Christie wants Social Security as emergency poverty insurance, not entitlement

By Claude Brodesser-Akner | NJ Advance Media for
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on April 27, 2015

TRENTON — Gov. Chris Christie dismissed critics of his controversial entitlement reform plans Monday night as "people who don't care whether Social Security stays solvent and is really there for the people who really need it."

"Let's remember," Christie said on his monthly radio show on New Jersey 101.5. "Social Security was created as insurance against poverty for the elderly so that no one — no matter what their circumstance, would live out their years in poverty. That's the primary reason for Social Security's creation. The fact is, we need to get it back to its core mission."

Last week, Christie, who is considering a run for president, went to New Hampshire to unveil a reform plan that called for both means testing and raising the retirement age.

Social Security's 2013 Trust Fund Report projected that the combined retirement and disability fund will be exhausted in 2033. When that happens, taxes collected from workers that year will cover just 77 percent of benefits due at that time.

To Christie, the road to recovery for the program is means testing.

"If you're making more than $200,000 a year in retirement," Christie asked, "do you really need to get the Social Security check every month? Or can you forgo that for the good of the country?"

"Ask the Governor" moderator Eric Scott countered that most Americans believe, having paid into the trust fund for their entire working lives, that they are entitled to the money, regardless of whether they need it or not.

Christie said Social Security was really akin to fire insurance on a family home, and that asking for the money when you didn't need it was like asking your homeowner's insurance company to refund premiums because your home didn't burn down.

"The benefit you got was the security of knowing, if you needed it, it was there," said Christie. "Social. Security."

However, Christie's view of Social Security differs sharply from that of the man who created it, President Franklin D. Roosevelt.

"We put those payroll contributions there so as to give the contributors a legal, moral, and political right to collect their pensions and their unemployment benefits," Roosevelt said in June 1941. "With those taxes in there, no damn politician can ever scrap my Social Security program. Those taxes aren't a matter of economics, they're straight politics."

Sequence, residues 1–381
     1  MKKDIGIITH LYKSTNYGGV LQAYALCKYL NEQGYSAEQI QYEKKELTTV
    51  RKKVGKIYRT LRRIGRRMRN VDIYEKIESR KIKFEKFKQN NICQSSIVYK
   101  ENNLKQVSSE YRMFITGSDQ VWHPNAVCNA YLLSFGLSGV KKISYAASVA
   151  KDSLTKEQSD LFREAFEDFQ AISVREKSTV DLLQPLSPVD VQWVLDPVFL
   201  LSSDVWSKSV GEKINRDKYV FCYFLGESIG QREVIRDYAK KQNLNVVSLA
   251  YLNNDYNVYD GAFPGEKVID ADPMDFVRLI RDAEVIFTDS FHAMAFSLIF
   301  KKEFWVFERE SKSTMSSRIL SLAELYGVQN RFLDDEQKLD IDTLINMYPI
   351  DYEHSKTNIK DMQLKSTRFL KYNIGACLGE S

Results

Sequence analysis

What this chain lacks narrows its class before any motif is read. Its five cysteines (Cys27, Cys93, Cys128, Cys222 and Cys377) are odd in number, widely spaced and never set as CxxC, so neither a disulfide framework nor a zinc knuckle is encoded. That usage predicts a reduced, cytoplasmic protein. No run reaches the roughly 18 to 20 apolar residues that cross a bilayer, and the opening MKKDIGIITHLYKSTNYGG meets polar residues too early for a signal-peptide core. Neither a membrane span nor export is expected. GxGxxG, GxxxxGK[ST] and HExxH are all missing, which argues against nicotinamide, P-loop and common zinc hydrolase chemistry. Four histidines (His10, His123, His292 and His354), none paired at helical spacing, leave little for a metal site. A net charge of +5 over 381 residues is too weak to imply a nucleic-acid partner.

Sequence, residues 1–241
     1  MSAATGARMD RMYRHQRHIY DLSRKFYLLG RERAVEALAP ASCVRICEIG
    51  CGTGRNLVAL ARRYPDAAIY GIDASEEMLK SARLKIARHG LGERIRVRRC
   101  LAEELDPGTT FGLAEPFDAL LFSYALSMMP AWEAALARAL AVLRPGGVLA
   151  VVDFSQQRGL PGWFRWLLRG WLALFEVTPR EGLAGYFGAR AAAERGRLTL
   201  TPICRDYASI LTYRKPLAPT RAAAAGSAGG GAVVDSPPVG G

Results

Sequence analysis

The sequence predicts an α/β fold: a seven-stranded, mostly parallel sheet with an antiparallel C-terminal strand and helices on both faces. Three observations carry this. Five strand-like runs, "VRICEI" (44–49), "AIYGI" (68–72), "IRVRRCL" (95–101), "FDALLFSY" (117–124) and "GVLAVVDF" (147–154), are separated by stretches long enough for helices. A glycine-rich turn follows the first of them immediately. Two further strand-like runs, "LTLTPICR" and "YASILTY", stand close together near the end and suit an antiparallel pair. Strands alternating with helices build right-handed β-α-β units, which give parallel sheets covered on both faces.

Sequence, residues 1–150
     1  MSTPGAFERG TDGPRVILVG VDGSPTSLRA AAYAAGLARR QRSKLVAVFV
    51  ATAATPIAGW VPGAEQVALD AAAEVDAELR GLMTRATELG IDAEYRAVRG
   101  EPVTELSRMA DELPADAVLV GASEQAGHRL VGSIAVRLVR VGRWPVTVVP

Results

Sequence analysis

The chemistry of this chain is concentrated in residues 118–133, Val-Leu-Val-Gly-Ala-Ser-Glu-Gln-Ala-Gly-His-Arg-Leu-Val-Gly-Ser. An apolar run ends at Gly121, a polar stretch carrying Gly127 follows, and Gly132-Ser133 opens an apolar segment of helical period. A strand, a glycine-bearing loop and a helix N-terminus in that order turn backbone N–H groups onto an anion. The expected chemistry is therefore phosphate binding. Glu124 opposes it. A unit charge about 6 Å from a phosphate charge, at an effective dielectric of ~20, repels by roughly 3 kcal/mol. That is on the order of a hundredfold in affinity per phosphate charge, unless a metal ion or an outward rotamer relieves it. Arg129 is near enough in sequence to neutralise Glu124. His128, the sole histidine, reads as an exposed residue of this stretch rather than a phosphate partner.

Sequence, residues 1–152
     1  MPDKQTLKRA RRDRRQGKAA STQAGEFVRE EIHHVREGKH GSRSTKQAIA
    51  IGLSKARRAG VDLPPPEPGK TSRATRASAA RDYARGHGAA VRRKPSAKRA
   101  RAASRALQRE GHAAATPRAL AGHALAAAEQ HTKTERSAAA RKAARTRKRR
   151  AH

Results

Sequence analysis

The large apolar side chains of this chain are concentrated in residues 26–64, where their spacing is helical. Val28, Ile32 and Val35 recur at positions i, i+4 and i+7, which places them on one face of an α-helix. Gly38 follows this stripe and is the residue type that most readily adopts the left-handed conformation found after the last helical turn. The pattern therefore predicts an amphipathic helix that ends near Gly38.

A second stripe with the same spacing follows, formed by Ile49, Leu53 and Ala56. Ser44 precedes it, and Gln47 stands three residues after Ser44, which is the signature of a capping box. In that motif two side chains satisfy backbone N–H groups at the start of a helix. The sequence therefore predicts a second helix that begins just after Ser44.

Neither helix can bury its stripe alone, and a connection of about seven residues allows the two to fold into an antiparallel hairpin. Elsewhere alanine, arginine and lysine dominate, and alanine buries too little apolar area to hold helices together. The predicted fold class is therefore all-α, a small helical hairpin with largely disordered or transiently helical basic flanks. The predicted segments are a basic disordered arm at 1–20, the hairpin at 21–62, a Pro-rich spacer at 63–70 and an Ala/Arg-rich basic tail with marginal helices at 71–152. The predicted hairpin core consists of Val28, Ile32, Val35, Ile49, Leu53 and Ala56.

Christie's plan also calls for raising the full retirement age to 69. He said Social Security's problems come from increased life-expectancy, not a lack of funding.

"When Social Security started, people's life expectancy was in the 60s," said Christie, "Now, a woman's life expectancy is 83. A man's life expectancy is 79. We can't continue to to have systems that were designed for people to pass away in their sixties."

However, as the SSA website notes, "increases in life expectancy are a factor in the long-range financing of Social Security; but other factors, such as the sheer size of the 'baby boom' generation, and the relative proportion of workers to beneficiaries, are larger determinants of Social Security's future financial condition."

In 1950, for instance, there were 16 workers supporting every retiree. By 2011, there were just over three. By around 2030, it will be down to just two.

A frustrated caller named Jeff noted that he'd already seen his retirement age jump from 65 to 67 in his lifetime under President Reagan's 1983 reform. He angrily asked Christie, "How many times are you going to move the goal line?"

The caller asked if Christie would consider, if president, would instead consider raising the income cap on social security payments to tax income beyond the currently-taxed $118,000 maximum.

Christie quickly lost his empathetic demeanor.

"I love this 'gimme gimme gimme!' attitude," said Christie, "These are facts: If we don't do it, the money's not going to be there. And the solution of a guy like Jeff is: Raise somebody's taxes. Not his. Raise somebody else's. I'm sorry. We hear this all the time. But the math doesn't work, and somebody has to be willing to tell you the truth. And that's what I'm doing."


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